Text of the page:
Remembering those who fought in the Battle of Chippawa – see photo gallery

ETER CONRADI/Bullet NewsSherman Zavitz says he loves visiting the ground where the Battle of Chippawa was fought 198 years ago.

Looking out across the field on a scorching Thursday evening, Zavitz, the Niagara Parks Commission historian, says visitors are probably seeing today pretty much the same thing soldiers saw almost two decades ago.

CLICK HERE FOR PHOTO GALLERY

“It’s always a pleasure to come here. This is easily the most pristine battleground from the War of 1812 in all of North America. There were probably crops of some kind growing back then instead of weeds, but the overall configuration would largely be the same. It’s quite remarkable.”

Zavitz served as master of ceremonies for the annual Battle of Chippawa Memorial service. Held in conjunction with Chippawa Branch 396 of the Royal Canadian Legion, the event pays tribute to soldiers from all armies who fought in the longest and bloodiest military operation of the War of 1812.

A memorial service is held on July 5 each year to commemorate those who fell in service of their nations. This pivotal battle cost the lives of about 200 American, British, Canadian and native warriors allied to both sides, most of whom are thought to be buried at the site located just off the Niagara Parkway, marked now by the Battle of Chippawa Monument.

The battle was the first time American regulars faced British regulars in a stand-up military action fought in the open, and many historians cite Chippawa as the birthplace of the modern American army. It was also the first time the Americans prevailed over the British.

A focal point of the Battlefield Park is the memorial cairn, dedicated to the memory of the regiments and First Nations warriors who fought in this battle.

The cairn is also meant to commemorate and celebrate the peace that has prevailed between Canada and the United States since that time. The monument is constructed of dolomite limestone donated by Fort Niagara (Youngstown, NY), another key site in the War of 1812.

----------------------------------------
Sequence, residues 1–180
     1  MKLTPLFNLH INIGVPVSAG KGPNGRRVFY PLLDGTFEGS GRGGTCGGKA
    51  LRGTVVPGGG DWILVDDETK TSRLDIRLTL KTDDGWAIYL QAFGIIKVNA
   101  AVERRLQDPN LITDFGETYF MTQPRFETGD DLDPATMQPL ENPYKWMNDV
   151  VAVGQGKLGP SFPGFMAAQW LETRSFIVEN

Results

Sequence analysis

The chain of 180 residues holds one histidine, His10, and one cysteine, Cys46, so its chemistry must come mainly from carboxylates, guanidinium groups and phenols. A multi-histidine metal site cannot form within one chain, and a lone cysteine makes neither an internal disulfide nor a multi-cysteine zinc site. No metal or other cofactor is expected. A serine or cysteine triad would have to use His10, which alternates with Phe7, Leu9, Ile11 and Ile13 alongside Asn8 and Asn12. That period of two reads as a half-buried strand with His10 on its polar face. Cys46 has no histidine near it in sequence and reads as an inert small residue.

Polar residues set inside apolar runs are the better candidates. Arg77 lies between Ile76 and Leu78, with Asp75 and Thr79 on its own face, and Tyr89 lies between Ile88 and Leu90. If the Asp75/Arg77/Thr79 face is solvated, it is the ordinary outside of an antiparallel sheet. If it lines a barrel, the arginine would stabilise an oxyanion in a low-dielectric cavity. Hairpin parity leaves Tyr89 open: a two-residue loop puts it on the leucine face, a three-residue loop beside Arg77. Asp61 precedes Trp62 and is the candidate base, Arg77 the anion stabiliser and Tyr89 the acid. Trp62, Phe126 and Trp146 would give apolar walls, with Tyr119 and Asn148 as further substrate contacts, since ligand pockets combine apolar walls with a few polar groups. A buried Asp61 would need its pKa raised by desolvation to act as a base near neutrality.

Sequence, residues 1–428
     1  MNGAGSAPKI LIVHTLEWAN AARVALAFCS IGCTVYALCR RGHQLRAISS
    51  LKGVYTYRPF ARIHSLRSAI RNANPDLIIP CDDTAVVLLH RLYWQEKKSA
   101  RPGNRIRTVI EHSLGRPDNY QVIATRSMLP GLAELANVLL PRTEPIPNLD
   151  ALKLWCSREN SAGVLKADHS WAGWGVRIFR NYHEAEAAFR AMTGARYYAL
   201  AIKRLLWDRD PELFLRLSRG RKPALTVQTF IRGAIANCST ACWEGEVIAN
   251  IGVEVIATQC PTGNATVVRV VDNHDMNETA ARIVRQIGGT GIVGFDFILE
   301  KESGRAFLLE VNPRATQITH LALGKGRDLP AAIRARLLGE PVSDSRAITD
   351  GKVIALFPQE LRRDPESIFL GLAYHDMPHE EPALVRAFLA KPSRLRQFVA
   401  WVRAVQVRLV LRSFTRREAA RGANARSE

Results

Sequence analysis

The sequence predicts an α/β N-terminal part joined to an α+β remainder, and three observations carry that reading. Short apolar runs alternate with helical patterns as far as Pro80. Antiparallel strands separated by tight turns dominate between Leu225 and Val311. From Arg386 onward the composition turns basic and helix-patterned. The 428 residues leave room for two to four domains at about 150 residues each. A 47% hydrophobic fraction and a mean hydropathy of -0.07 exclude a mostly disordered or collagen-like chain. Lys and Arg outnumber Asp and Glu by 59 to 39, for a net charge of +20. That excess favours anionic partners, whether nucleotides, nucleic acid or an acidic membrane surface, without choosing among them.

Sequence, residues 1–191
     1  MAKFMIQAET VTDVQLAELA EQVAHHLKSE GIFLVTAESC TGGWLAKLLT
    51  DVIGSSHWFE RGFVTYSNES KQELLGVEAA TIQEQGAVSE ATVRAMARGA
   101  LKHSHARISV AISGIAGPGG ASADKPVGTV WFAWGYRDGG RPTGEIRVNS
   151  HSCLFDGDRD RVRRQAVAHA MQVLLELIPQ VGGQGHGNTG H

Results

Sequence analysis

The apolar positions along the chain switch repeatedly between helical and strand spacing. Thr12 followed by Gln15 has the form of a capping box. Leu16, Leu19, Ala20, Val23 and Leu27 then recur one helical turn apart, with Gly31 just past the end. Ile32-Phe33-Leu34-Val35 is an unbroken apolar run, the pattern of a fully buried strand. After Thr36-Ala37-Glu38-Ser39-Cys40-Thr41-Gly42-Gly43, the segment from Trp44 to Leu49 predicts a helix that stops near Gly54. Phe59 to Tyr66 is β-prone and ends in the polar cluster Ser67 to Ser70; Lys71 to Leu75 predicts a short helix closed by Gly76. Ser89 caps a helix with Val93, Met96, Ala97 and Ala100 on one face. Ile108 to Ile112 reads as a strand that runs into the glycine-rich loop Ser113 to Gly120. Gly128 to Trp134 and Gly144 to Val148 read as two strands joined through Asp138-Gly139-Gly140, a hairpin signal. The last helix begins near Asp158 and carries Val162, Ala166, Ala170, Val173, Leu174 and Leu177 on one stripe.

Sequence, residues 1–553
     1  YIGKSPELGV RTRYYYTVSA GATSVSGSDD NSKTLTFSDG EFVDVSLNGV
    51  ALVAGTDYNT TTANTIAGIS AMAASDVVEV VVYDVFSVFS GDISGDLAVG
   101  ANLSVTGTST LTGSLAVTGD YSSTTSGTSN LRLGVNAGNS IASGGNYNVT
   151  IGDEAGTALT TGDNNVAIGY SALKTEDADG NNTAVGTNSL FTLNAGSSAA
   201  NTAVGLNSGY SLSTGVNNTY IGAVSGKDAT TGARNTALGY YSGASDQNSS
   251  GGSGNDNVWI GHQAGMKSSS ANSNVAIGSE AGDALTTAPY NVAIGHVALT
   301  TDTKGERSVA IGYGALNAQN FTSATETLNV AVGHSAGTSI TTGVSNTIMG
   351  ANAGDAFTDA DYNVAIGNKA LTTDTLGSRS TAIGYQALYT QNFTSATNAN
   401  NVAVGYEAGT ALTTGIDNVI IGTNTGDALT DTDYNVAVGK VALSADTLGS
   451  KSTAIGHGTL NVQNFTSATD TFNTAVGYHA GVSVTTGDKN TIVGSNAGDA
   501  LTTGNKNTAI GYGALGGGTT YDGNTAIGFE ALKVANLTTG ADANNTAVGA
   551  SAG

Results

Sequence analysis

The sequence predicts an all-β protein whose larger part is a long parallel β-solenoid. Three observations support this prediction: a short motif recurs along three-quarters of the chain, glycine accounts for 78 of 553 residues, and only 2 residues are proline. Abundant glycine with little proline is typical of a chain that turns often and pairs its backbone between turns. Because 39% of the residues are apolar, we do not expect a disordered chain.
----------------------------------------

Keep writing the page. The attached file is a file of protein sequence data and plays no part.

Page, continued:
NPC acquired the site of the Battle of Chippawa in 1995 and has preserved 121 hectares of this last remaining War of 1812 battlefield. Interpretive panels along the self-guided walking tour help visitors to understand the events of the battle.

The Niagara Parks Commission (NPC) and Chippawa Branch 396 of the Royal Canadian Legion will be conducting its annual memorial ceremony in honour of all those who served during the Battle of Chippawa.

The memorial takes place Thursday, July 5.

It’s scheduled to begin at 7 p.m. at the Battle of Chippawa Monument, with NPC chairwoman Janice Thomson providing opening remarks followed by a special presentation by NPC Historian, Sherman Zavitz.

Fought on July 5, 1814, the Battle of Chippawa was the opening engagement of the Niagara campaign, the longest and bloodiest military operation of the War of 1812.

A memorial service is held on July 5 each year to commemorate those who fell in service of their nation – this pivotal battle cost the lives of about 200 American, British, Canadian and native warriors allied to both sides, most of whom are thought to be buried at the site.

The Battle marked the first time American regulars faced British regulars in a stand-up military action fought in the open and many historians cite Chippawa as the birthplace of the modern American army.

A focal point of the Battlefield Park is the memorial cairn, dedicated to the memory of the regiments and First Nations warriors who fought in this battle.

The cairn is also meant to commemorate and celebrate the peace that has prevailed between Canada and the United States since that time. The monument is constructed of dolomite limestone donated by Fort Niagara (Youngstown, NY), another key site in the War of 1812.

NPC acquired the site of the Battle of Chippawa in 1995 and has preserved 121 hectares of this last remaining War of 1812 battlefield. Located on the Niagara Parkway, south of the Village of Chippawa, interpretive panels along the self-guided walking tour help visitors to understand the events of this important battle.

Advertisements
This entry was posted in CANADIAN NEWS AND EVENTS. Bookmark the permalink.

Leave a Reply

Fill in your details below or click an icon to log in:

WordPress.com Logo

You are commenting using your WordPress.com account. Log Out / Change )

Twitter picture

You are commenting using your Twitter account. Log Out / Change )

Facebook photo

You are commenting using your Facebook account. Log Out / Change )

Google+ photo

You are commenting using your Google+ account. Log Out / Change )

Connecting to %s